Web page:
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Shane Ray Can Do It All As 3-4 Outside Linebacker

Used as a defensive end at Missouri, Shane Ray feels he has the capability to transition to an outside linebacker in a 3-4 defense if needed.*

The Washington Redskins certainly have a precedent in successfully transitioning outstanding college defensive ends to outside linebackers in their 3-4 scheme.

Since 2009, Brian Orakpo and Ryan Kerrigan – both All-American defensive ends in college – have combined for 78 sacks and four Pro Bowl appearances as outside linebackers.

So if the team happens to be looking for their next productive college pass rusher to transition over to outside linebacker when they pick fifth overall in April's NFL Draft, many believe Missouri's Shane Ray could fill that mold.

Ray – the 2014 SEC Defensive Player of the Year – said he's drawn interest from NFL teams wanting to use him at his natural position as a 4-3 defensive end, but most league inquiries have come from those wanting to see him make the switch to outside linebacker.

Ray said teams know what he can do as a pass rusher – he had 14 sacks a season ago – but his abilities in coverage and against the run make him even more attractive as a linebacker.

"Every team I've talked to that runs a 3-4 defense has actually pulled up my film, and they have film of me dropping into coverage and making open field tackles," Ray said at the NFL Scouting Combine in Indianapolis. "Honestly, I think they're pretty pleased with what they see, and my confidence and my work ethic will show that any system I go into I can fit in. I'm able to do whatever the coach needs for me to do."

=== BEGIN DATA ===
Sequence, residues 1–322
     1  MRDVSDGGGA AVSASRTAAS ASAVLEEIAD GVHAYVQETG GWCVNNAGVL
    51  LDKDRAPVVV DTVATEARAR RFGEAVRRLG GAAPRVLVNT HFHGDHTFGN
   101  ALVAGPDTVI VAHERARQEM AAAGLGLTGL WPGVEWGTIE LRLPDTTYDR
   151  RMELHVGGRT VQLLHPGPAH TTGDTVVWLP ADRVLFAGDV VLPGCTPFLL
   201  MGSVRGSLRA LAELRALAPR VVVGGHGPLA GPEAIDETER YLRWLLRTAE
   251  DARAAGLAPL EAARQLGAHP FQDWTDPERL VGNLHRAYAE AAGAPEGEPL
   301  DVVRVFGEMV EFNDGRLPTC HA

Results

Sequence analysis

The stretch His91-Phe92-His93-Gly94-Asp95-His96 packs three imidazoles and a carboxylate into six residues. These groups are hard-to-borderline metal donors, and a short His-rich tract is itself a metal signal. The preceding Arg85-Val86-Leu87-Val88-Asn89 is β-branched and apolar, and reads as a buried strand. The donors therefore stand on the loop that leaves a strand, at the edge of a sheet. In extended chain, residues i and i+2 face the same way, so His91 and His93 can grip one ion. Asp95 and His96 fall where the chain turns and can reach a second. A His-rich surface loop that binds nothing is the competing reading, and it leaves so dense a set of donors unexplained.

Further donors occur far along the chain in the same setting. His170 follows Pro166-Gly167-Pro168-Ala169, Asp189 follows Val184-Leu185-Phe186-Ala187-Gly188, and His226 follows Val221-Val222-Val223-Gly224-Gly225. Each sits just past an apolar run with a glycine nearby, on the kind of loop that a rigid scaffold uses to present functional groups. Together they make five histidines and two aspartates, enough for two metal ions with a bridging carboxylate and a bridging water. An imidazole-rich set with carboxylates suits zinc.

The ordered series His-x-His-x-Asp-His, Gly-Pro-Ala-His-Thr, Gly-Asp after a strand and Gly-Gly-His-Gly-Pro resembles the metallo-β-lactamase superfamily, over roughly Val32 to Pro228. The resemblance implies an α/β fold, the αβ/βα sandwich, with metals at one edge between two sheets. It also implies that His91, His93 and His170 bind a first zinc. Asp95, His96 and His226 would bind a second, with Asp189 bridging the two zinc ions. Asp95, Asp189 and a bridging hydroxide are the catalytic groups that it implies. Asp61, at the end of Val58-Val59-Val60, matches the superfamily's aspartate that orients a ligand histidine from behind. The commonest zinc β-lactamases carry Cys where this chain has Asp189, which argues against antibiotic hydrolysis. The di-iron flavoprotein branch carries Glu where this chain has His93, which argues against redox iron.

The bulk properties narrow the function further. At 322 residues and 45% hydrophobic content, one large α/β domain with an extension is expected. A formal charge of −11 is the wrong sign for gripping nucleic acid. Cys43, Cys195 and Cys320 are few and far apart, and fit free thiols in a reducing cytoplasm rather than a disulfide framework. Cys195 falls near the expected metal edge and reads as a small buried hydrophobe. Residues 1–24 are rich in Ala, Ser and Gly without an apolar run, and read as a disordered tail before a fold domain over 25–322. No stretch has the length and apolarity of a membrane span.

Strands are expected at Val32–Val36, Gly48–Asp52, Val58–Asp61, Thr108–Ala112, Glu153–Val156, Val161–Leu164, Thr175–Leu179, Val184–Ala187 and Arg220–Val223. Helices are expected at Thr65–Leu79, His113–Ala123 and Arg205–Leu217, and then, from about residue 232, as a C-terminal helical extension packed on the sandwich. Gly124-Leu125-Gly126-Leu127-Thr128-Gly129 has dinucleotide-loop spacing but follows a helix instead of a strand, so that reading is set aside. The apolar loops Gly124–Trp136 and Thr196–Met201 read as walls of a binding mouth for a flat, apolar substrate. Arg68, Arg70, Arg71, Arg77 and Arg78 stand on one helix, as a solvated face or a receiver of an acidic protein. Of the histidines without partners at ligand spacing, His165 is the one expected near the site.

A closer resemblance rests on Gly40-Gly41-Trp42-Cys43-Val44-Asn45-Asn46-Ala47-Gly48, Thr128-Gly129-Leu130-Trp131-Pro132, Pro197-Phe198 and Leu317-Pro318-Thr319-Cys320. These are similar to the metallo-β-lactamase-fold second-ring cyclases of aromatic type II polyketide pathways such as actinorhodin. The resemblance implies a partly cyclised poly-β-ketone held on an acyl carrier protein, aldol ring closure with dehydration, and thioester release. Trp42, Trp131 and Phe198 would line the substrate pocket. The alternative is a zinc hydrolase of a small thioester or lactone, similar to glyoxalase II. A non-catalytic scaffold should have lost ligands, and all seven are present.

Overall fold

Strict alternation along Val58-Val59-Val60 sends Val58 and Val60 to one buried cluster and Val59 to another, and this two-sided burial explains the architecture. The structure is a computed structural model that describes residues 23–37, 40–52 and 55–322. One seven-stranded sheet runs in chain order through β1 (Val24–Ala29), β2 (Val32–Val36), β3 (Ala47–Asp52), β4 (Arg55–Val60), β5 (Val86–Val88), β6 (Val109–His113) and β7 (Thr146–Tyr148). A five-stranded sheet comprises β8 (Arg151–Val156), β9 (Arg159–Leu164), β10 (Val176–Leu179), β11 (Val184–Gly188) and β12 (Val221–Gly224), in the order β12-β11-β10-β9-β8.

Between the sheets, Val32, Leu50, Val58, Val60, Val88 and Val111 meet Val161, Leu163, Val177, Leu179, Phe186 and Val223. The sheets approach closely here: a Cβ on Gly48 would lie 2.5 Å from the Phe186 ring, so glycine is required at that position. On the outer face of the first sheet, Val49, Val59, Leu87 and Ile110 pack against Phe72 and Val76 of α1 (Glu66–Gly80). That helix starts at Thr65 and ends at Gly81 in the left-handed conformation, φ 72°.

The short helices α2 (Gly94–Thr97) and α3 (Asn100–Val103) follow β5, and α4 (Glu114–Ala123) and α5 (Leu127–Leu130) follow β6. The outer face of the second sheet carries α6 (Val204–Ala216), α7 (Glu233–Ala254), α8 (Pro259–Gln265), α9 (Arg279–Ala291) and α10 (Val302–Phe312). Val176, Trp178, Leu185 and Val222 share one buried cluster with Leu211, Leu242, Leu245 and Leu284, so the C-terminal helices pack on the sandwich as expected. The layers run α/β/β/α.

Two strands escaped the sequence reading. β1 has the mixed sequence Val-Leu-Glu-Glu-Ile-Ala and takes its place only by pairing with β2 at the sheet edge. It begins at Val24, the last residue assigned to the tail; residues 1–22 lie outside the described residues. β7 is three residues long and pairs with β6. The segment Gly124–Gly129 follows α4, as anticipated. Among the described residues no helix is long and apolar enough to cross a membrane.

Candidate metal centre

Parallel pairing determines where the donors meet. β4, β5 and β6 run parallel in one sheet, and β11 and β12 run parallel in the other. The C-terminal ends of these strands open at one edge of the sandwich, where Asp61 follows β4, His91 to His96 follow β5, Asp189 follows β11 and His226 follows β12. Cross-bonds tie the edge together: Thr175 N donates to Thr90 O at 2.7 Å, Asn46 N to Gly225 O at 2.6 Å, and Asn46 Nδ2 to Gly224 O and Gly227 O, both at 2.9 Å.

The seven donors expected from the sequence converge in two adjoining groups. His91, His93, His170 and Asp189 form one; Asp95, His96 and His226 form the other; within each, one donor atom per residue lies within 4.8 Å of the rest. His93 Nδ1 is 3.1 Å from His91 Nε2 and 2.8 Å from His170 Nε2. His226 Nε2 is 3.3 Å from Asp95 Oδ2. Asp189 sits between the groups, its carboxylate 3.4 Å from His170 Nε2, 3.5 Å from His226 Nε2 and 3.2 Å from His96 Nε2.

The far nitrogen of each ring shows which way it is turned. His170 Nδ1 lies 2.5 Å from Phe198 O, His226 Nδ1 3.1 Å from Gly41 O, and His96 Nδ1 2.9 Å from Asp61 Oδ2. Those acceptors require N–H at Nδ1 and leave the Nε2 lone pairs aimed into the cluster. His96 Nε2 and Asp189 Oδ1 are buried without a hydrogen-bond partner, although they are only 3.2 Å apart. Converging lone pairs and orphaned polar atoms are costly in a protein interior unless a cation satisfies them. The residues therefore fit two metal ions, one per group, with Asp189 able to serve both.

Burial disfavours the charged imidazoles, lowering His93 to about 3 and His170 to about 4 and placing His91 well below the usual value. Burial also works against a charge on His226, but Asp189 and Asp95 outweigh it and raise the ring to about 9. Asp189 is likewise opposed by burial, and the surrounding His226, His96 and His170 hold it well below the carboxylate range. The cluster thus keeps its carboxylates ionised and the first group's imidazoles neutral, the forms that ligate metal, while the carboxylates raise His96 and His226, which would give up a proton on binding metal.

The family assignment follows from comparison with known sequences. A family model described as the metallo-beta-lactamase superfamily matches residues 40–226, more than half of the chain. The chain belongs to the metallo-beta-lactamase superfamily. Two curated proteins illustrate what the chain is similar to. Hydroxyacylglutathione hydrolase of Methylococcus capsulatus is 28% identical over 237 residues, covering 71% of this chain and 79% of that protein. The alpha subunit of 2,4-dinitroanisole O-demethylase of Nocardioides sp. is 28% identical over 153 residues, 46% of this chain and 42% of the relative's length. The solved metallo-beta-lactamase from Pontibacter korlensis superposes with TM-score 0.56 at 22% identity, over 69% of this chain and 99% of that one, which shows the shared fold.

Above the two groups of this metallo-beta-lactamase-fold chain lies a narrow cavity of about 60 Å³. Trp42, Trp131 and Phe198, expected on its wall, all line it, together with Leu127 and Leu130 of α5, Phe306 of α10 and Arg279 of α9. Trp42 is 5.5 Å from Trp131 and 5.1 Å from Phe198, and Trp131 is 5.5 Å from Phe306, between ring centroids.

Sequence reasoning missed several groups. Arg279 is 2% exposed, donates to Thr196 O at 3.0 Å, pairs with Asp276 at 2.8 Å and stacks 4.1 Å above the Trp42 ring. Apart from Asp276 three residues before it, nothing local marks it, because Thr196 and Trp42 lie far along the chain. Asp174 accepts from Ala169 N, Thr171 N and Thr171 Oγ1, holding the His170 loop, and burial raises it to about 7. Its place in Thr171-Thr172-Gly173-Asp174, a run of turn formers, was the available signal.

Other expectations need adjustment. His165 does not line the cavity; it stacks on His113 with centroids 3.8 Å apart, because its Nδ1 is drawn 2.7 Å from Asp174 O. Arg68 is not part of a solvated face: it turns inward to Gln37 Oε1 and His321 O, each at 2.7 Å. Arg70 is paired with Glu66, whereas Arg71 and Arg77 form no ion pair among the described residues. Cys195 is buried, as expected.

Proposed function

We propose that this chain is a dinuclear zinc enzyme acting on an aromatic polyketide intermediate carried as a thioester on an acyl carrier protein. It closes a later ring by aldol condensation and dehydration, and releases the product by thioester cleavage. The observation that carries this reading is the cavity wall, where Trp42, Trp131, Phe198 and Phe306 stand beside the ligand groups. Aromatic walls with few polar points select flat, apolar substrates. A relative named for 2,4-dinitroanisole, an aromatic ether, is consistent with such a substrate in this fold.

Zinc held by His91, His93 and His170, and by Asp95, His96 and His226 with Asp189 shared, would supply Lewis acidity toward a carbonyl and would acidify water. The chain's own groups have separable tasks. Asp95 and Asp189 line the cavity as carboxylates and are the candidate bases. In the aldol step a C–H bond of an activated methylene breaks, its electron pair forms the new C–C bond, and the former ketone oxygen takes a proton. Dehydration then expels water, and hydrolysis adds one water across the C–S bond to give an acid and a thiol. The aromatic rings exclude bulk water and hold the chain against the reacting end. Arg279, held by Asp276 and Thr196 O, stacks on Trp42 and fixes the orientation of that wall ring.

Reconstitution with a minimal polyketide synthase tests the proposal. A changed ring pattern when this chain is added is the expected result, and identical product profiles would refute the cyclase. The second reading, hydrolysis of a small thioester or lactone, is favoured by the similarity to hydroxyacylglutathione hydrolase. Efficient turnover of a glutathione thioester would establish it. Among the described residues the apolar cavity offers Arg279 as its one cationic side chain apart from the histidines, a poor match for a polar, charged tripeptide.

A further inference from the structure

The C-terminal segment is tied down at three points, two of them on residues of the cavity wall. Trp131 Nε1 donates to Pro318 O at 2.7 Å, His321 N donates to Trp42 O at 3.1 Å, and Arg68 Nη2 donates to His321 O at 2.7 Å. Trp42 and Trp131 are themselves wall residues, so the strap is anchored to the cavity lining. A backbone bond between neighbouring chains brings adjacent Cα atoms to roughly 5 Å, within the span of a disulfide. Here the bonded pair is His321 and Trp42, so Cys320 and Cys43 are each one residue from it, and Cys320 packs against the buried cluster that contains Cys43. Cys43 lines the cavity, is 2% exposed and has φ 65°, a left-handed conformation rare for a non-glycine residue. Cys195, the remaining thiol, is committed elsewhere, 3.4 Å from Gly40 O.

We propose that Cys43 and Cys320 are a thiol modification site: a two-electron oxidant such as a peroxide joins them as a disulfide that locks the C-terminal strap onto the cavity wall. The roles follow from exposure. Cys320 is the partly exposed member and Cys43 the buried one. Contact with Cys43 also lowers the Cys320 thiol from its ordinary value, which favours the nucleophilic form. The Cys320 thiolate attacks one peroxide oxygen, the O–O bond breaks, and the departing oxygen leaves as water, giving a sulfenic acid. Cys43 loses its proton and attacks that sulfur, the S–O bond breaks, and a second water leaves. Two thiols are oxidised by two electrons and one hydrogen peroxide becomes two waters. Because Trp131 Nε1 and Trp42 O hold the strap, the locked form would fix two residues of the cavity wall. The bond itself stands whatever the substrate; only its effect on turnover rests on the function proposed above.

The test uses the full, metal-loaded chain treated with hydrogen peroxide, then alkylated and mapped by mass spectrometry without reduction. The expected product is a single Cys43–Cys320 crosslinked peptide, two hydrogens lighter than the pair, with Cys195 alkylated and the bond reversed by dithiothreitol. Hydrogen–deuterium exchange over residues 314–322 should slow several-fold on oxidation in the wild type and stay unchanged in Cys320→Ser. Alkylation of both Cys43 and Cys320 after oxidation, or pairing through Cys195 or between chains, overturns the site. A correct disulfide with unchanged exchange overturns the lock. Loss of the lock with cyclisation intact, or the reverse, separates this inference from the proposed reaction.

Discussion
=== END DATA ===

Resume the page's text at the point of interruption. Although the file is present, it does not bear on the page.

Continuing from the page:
Check out these photos of Shane Ray, an aggressive and versatile defensive end out of the University of Missouri.

Ray – who has been projected as a Top-10 pick in virtually every expert's mock drafts – has impressed with his explosive athleticism off the edge. According to his draft prospect profile, Ray "has elite power for his size and explodes off the line like a coiled spring."

Ray said it has been important to match his natural talent with a passion for the game.

"I play with a lot of passion and a lot of energy," he said. "Throughout my career, my coaches moved me all around the defense. I've played over three techniques and beat guards, I've stood up and rushed from the middle, I've dropped into coverage and came back and covered guys coming out of the backfield. And I've just displayed my speed consistently, and what I can do as a 4-3 defensive end and outside linebacker."

Ray doesn't come without a few question marks, however.

A foot injury prevented him from working out at the combine last month, where he was unable to show off his speed in the 40-yard dash. He's expected to be at full strength, however, at Missouri's Pro Day March 19.

Some have also questioned whether Ray can pack on the weight to survive as an edge rusher in the NFL.

Ray – who stands about 6-foot-3 – said he weighed between 239 and 243 pounds during his final season at Missouri, but hopes to get up to about 250 pounds by his Pro Day.

To compare, Kerrigan – who notched a career-high 13.5 sacks in 2014 – typically weighs around 260 pounds throughout the season.

"Honestly, I have a high metabolism, so at school, it was really hard for me to put on good weight, and have a good schedule of eating," he said. "But as far as my training goes, my weight has been going up just fine, and I feel by at least my pro day I would be at least 250, if not more, if I continue to eat and work out the way I'm working."




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